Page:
Do Americans Actually Want To Defund PP?
With the Senate's recent passage of legislation defunding Planned Parenthood, you'd think that most Americans would be on the same page, even if that page is a detestable attempt to reduce women's body autonomy. After all, politicians are supposed to represent the interests of the people; that's kind of the basis of democracy. According to a poll by USA Today and Suffolk University, however, the overwhelming majority of Americans actually oppose cutting off funds for the organization, which provides birth control and healthcare services for women across the country.
The poll, which had a margin of error of plus or minus three percent, reports that a third of Americans agree with defunding Planned Parenthood — but a full 58 percent oppose it, and nine percent were undecided. Perhaps unsurprisingly, there were differences of opinion along party lines: 89 percent of Democrats opposed defunding, while 59 percent of Republicans were actually in favor. Independents sided with Democrats on the issue, with 54 percent supporting continued federal funding. The results suggest that there might be a disconnect between what some politicians think Americans want as opposed to what they actually want.
Admittedly, Americans are notoriously divided on the topic of abortion, especially as it tends to combine the button-pressing issues of religion and women's rights. This is certainly not helped by the extreme rhetoric often employed when debating the issue, such as anti-abortion group Live Action's hidden camera video earlier this year. The video depicts Planned Parenthood officials discussing harvesting fetal tissue for medical research, which Live Action claimed was a front for selling "baby parts." Planned Parenthood responded that accusations are "flat-out untrue," but the damage was already done. Conservatives were able later to push through defunding legislation.
Last month, a shooter at a Planned Parenthood in Colorado reportedly echoed the video's words, allegedly telling authorities "No more baby parts." With this in mind, it's no surprise that 46 percent of those polled for the USA Today/Suffolk University survey agreed that "heated political rhetoric" was at least partly responsible for the shooting, which killed three. However, 36 percent disagreed, responding that it was merely a random, apolitical act of violence.
Despite the focus on Planned Parenthood's status as an abortion provider, the vast majority of the organization's services are actually dedicated to other aspects of healthcare: Contraception, breast cancer screenings, HIV testing, and more for the millions of men and women it services. However, the popular perception of Planned Parenthood as an organization of "baby killers" is hardly new — right-wing politicians have been gunning for its end from the very beginning. Let's take a look at some of the more notable incidents.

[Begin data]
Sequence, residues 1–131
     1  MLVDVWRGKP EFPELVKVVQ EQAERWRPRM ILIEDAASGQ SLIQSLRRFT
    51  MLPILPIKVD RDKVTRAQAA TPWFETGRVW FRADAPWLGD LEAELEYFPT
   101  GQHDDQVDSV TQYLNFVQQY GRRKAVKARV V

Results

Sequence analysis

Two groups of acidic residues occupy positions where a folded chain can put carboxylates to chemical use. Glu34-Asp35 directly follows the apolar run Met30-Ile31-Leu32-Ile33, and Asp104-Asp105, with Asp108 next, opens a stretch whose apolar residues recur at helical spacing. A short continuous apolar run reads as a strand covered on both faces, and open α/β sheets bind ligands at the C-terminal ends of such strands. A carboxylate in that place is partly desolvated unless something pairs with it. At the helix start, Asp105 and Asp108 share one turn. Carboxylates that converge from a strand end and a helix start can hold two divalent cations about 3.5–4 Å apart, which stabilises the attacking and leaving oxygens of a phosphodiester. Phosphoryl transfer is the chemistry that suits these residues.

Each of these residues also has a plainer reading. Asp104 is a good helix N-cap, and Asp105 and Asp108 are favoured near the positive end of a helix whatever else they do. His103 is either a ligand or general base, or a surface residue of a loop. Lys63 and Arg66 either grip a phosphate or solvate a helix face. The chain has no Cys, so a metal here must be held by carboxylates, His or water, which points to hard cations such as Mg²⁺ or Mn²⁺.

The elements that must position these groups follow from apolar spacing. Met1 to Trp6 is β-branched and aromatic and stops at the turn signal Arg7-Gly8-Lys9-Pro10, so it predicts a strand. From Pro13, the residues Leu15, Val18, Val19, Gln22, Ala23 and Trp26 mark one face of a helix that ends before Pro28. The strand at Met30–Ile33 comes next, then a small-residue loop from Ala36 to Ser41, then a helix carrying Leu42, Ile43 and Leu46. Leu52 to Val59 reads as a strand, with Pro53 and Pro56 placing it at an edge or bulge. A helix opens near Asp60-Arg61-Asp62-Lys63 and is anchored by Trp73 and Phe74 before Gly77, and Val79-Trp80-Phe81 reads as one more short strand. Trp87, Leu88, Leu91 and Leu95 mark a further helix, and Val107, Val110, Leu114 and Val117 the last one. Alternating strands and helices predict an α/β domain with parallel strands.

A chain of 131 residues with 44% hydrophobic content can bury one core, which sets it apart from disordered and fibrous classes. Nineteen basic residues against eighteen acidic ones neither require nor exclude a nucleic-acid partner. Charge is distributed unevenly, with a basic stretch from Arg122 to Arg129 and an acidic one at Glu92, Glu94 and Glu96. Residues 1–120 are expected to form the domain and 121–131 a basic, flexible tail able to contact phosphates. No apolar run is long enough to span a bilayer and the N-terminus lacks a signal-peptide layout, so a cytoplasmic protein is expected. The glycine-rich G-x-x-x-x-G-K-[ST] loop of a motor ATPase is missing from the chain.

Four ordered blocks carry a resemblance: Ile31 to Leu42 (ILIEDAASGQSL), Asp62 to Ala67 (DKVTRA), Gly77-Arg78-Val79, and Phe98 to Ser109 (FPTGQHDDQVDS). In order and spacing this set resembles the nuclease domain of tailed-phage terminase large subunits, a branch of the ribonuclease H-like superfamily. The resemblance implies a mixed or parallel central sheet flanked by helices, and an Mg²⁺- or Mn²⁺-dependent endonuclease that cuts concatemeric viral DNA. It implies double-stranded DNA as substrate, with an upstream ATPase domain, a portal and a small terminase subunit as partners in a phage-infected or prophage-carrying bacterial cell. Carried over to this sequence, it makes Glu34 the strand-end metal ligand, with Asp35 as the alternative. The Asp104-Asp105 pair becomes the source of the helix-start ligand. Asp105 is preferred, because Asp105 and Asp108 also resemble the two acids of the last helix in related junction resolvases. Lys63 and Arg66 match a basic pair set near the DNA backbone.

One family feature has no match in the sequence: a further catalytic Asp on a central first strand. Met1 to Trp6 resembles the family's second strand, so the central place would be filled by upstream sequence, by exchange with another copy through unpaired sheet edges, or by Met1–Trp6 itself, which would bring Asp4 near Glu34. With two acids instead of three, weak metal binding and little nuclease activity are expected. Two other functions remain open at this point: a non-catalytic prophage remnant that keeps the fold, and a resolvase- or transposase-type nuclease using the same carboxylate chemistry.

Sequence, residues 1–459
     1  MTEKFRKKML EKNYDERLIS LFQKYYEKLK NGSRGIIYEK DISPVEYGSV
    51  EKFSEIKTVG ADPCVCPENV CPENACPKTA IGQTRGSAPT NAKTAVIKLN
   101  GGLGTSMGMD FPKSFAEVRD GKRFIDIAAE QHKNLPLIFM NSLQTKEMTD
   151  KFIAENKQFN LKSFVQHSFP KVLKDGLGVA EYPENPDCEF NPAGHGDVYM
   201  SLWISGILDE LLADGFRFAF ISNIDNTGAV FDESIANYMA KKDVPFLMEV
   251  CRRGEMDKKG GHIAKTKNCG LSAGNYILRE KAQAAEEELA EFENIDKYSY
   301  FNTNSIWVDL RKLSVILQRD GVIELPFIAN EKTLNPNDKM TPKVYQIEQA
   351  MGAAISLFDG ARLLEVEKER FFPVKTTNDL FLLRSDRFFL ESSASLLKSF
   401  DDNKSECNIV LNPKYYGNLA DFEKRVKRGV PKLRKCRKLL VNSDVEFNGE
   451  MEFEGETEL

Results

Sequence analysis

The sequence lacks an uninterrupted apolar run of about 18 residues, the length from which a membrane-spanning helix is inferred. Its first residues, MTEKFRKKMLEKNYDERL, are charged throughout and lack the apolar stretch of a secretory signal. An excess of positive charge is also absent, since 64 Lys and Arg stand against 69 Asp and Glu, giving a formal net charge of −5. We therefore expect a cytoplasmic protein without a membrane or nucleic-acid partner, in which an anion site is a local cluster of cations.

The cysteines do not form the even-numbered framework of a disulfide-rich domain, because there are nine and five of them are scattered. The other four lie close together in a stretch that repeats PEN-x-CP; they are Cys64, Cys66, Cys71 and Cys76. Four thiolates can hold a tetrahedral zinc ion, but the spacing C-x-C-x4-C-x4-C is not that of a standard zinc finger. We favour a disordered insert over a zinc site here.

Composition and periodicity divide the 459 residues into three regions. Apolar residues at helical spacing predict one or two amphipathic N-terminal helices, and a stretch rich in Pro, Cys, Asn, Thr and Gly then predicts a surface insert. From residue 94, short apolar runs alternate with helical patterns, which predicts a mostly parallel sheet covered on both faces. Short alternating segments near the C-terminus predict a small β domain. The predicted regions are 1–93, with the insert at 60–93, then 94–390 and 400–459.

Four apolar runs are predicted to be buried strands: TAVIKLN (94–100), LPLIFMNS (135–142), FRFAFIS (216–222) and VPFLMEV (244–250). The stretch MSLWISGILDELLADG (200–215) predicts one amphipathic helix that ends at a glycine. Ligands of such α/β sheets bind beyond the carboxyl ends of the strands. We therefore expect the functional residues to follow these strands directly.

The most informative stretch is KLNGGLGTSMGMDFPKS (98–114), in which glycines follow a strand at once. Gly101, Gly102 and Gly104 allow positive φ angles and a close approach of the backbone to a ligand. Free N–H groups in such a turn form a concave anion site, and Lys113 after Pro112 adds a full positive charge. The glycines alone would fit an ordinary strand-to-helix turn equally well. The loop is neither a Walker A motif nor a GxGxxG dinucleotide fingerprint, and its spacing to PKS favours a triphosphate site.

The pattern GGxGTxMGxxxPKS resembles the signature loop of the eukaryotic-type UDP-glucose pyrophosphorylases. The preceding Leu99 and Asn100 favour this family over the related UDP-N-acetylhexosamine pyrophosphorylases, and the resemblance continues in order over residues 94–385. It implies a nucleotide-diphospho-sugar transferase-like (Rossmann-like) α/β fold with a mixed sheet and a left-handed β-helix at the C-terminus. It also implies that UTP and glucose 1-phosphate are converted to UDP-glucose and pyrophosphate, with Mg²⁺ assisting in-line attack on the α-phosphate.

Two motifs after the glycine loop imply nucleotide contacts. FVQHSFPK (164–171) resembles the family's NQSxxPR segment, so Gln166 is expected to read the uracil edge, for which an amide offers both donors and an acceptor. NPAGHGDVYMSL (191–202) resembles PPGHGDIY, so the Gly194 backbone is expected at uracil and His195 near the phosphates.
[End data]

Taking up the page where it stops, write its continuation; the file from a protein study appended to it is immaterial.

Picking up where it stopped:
In 1979, Minnesota legislature passed a law ending state funding of groups offering abortion services. It was struck down the next year, but the judge noted Planned Parenthood's role in the law's passage, saying that "Planned Parenthood's unpopularity in and of itself and without reference to some independent considerations in the public interest cannot justify [the law]."
A few years later, Ronald Reagan imposed the Global Gag Rule cutting off federal funding to foreign aid organizations (like Planned Parenthood's international program) that provided abortion services. Although Planned Parenthood sued the United States Agency for International Development, the ban remained in place until Bill Clinton reversed it in 1993.
In 1996, Missouri banned Planned Parenthood from receiving state funding, but a federal judge strikes it down within a few months. Similarly, Wisconsin Republicans (including future GOP presidential candidate Scott Walker) ended all state funding for the organization in 1997. In fact, the 1990s were full of instances where Planned Parenthood's funding was threatened and, at times, taken away altogether.
Despite Clinton's repeal of the Global Gag Rule, it resurfaced in 2001 when George W. Bush reinstated the ban. (President Obama repealed it again in 2009.) In 2003, Missouri banned state funding for family planning altogether after several battles to defund Planned Parenthood in particular.
Listing every instance of attacks on Planned Parenthood's funding would take days, but it's clear that the organization has been under attack for decades — sometimes in a tragically literal manner. Let's hope that this doesn't hold true for the future.